He does advise that while he can write, direct and edit something, he still will bring in a better shooter, or as far as interactive technology, rely on those more knowledgeable than himself.
“I could study that my whole life and never get it. I think there are some areas you just have to rely on the people that are good at it. Finding a comfort zone creatively is all you have to do,” he said.
Esposito’s path to “The Walking Dead” is a similar tale. He started out making films on Super 8.
“I was obsessed with movies at a very young age. In school, I started getting recognition for short stories, but I knew I wanted to direct. I went to SVA [School of Visual Arts] and ended up optioning a script at a young age. This led to a couple of assignments, which is how it all got started.” He added humbly, “It took me years to actually call myself a writer.”
Strayton, on the other hand, began as a game designer. Not the video games most think of when they hear that term, but tabletop games — “Dungeons and Dragons” to be specific. For Strayton, these had an interactive element and still allowed him to get his feet wet with storytelling.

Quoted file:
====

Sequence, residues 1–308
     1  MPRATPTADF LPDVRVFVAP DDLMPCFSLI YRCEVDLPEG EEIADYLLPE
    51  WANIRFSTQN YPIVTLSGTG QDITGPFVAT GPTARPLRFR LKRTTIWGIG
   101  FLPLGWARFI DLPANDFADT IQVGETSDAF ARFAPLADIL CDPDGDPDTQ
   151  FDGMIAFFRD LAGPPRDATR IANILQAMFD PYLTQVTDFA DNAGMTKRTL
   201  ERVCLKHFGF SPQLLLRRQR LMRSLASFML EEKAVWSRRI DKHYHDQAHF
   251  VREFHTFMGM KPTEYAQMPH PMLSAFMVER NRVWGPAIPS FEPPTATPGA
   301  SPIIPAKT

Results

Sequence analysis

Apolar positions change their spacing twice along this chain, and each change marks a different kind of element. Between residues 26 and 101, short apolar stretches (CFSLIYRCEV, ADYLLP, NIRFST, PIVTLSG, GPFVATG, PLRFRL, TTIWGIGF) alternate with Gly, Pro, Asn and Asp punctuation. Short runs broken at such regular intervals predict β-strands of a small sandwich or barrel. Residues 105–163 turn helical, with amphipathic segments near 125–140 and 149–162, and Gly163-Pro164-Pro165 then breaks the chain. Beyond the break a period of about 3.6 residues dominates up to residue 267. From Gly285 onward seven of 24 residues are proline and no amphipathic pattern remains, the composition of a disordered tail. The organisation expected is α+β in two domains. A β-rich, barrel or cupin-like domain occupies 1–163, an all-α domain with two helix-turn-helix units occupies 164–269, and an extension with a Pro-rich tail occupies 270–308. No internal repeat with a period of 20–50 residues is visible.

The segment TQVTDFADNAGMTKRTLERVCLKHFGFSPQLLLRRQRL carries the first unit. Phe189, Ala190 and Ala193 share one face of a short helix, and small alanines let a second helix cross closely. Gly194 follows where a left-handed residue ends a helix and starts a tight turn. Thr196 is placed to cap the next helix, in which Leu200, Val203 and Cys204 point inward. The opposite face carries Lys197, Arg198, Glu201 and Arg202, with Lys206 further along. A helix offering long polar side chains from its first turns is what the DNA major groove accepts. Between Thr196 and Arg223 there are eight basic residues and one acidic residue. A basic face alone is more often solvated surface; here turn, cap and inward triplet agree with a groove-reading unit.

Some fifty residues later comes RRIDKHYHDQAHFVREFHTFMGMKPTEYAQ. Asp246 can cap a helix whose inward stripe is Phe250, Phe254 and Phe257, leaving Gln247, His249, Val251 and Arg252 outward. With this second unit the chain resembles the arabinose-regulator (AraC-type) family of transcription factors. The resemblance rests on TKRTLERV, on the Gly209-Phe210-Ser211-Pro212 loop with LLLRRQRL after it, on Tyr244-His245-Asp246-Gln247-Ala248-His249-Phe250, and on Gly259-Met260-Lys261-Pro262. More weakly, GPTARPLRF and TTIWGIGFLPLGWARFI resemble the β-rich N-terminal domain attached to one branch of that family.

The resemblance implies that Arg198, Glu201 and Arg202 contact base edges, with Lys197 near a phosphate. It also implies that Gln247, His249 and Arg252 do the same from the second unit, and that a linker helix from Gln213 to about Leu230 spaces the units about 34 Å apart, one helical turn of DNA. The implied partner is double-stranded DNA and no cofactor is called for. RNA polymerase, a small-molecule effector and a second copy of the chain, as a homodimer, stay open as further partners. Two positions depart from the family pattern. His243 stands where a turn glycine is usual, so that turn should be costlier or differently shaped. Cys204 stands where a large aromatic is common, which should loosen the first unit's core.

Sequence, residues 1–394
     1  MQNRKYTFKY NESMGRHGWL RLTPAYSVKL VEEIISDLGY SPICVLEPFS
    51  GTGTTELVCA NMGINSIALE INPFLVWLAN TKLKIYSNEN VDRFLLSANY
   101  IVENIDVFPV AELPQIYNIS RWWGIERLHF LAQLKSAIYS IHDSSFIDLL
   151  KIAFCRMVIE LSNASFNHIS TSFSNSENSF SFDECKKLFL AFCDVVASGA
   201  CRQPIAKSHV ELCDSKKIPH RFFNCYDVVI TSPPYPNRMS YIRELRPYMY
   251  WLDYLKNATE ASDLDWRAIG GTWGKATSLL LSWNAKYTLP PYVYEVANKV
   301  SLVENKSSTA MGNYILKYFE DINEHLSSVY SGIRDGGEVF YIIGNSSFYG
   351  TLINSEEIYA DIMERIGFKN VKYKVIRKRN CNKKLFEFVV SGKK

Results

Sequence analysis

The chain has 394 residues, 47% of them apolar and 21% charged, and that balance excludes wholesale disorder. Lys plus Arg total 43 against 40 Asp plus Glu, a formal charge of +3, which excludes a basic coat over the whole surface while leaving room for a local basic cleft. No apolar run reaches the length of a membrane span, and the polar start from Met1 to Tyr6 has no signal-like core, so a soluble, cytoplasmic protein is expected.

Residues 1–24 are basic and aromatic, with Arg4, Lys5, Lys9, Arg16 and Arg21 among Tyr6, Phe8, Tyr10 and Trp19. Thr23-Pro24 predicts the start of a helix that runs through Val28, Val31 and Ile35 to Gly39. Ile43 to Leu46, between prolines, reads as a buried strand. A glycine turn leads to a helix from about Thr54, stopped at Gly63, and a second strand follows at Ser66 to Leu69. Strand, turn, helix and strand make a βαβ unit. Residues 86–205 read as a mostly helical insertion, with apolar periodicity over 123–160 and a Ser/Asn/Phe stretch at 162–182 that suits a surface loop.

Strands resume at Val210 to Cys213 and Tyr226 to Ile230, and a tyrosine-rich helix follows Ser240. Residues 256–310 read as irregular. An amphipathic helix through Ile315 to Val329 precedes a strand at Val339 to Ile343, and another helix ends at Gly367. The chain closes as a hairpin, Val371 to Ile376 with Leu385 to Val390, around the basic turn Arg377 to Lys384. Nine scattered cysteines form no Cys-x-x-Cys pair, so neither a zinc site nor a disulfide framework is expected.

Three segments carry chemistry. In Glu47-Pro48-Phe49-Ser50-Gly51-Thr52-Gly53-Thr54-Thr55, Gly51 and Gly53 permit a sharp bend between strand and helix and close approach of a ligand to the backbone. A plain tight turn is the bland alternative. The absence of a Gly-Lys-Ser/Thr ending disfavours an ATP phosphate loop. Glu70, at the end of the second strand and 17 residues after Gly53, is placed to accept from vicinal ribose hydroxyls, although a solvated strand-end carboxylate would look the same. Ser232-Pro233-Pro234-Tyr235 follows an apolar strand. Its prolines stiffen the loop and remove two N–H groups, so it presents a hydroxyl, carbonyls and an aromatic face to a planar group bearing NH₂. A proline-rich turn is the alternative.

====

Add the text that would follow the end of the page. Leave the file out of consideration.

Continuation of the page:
“I always enjoyed telling stories and thought I’d be a novelist, then quickly realized, ‘No, that’s not my medium,’” he said.
He smiles and shares that once he fell in love with film and television, he “just moved to L.A. one day.” He did a variety of jobs at a studio, until eventually he became a director of marketing.
“I went to film school much later and eventually got a job on a TV show. When transmedia came around, I had a lot of skills sets that I could bring together,” he said. “The head writers of one of the shows I worked for, Roberto Orci and Alex Kurtzman, the writers and producers of the ‘Transformer’ movies, said to me, ‘Hey George, you know this kind of stuff.’ This allowed me to use everything I did up to that point.”
On the topic of budget, they shared that the first thing to grasp is that a fan will never understand that you don’t have the same budget the core content does, so you have to pick and choose your battles in order to have your content stand up and not disappoint. They all nodded their heads in agreement when Esposito said, “You can’t tell a fan, ‘Hey look how cool this is and we shot it in only two days!’”
Their diverse skill sets come in handy, they agreed, because as writers on these projects, they actually are also involved in most arenas of the productions, often creating content last minute or because a particular actor, set or props is available to them that day. They are not simply sitting at a desk or in the writers’ room.
Esposito shared an example of this from the “The Walking Dead” webisodes:
“We were shooting a prequel, and I wrote in helicopters and they say, ‘No. No budget’. A traffic helicopter keeps flying over the shoot so we used that. It appears over and over again in the webisodes. Later, we needed a car accident, and we were just gonna fake it when we saw a car damaged and paid the owner to let us push their car into a tree.”
The challenge of low-budget filmmaking, though, is to stay true to fans’ expectations.